It begs the age old question, does a manager fit players around a formation or a formation around players? Over the next few months, I suspect we will see Conte trying out a few variations. It might be some time before he is settled. It took Claudio Ranieri most of his first season at Chelsea to figure it all out. At the moment Antonio Conte favours a 4-1-4-1.
It seems incredible to me, really, that so few teams play with more than one attacker. The days of Jimmy and Eidur, and certainly Kerry and Speedo, seem light years away. Maybe we’ll see its return one of the days.
David Luiz, in his second spell with us, would be wearing squad number thirty. This got me thinking about the past too. We first experienced squad numbers in the 1993/1994 season, the second campaign of “Sky TV” and all of its hideous mixture of subsequent pros and cons. Until then, there was something special about the simple 1-11 shirt numbering system. I didn’t like the idea of messing with it. It all seemed too American for my liking. And we also had to suffer players’ names on the back of shirts too. More finicky changes. More commercialism. More shite. Groan.
Very soon into 1993/1994, our Danish central defender Jakob Kjeldbjerg was given shirt number thirty-seven, and a little part of me died.
“Bloody hell, the world has gone mad.”
In today’s parlance – “Against Modern Football.”
In the good old days, the system was simple.
- Green shirts. Big gloves.
- Right-back. Always. No questions asked.
- Left-back. Always. Easy. For some reason, he always had “an educated left foot.”
- Midfield dynamo. Think John Hollins. Billy Bremner. Tended to be on the short side, don’t ask why, just accept it.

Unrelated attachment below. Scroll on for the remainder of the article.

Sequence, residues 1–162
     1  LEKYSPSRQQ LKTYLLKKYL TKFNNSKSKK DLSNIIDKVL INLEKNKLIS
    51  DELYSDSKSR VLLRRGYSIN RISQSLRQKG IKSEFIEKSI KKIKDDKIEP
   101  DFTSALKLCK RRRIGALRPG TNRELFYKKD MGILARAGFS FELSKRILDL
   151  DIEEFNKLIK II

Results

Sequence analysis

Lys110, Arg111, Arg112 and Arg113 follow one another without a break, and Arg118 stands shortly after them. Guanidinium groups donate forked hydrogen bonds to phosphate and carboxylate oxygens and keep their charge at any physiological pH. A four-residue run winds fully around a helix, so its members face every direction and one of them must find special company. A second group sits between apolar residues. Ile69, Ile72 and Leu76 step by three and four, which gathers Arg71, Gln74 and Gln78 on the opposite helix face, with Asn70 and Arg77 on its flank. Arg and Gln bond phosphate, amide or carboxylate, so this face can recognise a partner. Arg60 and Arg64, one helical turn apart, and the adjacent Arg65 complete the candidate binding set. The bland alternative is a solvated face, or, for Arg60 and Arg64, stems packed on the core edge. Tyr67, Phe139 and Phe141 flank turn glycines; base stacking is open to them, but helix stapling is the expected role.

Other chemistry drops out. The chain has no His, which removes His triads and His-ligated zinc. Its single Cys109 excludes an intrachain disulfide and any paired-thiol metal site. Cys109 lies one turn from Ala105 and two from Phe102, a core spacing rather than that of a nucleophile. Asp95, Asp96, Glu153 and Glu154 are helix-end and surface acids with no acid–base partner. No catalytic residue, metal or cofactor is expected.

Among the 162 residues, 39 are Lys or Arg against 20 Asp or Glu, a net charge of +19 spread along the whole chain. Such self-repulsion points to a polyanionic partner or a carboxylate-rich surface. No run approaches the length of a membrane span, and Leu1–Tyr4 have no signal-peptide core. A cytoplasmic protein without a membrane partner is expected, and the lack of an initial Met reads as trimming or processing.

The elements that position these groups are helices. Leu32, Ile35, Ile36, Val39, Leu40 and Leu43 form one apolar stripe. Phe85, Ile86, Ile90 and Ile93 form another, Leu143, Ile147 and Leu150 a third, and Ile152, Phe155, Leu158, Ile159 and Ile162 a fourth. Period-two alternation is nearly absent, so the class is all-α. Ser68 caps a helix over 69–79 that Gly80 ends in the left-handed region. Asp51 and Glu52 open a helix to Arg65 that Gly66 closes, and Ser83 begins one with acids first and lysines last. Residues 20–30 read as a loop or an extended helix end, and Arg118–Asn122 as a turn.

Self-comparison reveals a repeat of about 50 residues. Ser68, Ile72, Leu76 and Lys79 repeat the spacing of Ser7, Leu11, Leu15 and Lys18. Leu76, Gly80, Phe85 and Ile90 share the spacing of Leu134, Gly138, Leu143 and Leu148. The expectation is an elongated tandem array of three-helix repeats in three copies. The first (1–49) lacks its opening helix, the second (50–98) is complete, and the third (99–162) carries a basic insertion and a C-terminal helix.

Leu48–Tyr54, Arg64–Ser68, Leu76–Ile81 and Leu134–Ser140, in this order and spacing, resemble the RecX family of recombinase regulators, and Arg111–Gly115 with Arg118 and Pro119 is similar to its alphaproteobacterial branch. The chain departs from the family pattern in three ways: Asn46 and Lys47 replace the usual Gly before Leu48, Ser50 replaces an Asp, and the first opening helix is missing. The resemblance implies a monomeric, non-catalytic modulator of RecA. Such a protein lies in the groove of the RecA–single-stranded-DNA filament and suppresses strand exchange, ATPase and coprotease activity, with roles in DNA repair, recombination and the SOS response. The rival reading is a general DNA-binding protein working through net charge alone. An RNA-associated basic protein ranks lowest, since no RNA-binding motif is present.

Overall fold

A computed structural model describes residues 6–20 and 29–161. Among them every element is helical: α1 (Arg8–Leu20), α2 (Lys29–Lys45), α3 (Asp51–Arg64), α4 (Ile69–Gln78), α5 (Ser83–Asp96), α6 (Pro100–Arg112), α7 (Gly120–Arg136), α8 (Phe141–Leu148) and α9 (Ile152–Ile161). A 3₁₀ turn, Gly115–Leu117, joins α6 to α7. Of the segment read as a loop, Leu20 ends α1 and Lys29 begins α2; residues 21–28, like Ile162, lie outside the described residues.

- Centre-back. Blocker. Man mountain. The leap of a salmon. Strength of a shire horse, brains of a rocking horse. Tackle first, ask questions later. Think Micky Droy, Steve Wicks, Joe McLaughlin.
- Centre-back. But the more skilful one of the two. Think Alan Hansen. Marvin Hinton.
- Right-winger. Again, for some reason, a short-arse. Think Steve Coppell, Ian Britton, Jimmy Johnstone. Pat Nevin. A skilful bugger, prone to mazy dribbles. And falling over.
- Box to box midfielder. The fulcrum of the midfield. Think Nigel Spackman in 1983/1984.
- The centre-forward. The most iconic number ever. Peter Osgood, Tommy Lawton, Jackie Milburn, Alan Shearer, Kerry Dixon. Goal scorer supreme. Dream maker.
- A smaller, more agile, version of the centre-forward, playing off the number nine. David Speedie. Why am I referencing 1983/1984 here? Too easy. Ah, think Peter Beardesley, but not for too long, that boy was hardly a looker.
- Left-winger. And for some reason, a lanky bugger. Peter Houseman, Peter Barnes. Davie Cooper as the exception.
And there we have it. Growing up in the ‘seventies and ‘eighties, this was the accepted numbering system. Liverpool buggered it up, as is their wont, in around 1977 when Ray Kennedy, a skilful left-sided midfielder, was given a number five shirt. I can still feel the sense of betrayal and confusion to this day. Phil Thompson slid into a number four shirt, and for a while, this was the one exception. Then it became the norm for central defenders to take a number four shirt – paging Colin Pates – and at Chelsea, this resulted in John Bumstead wearing number six. It is at around this time that Western Civilisation began to fall apart, and we all know why.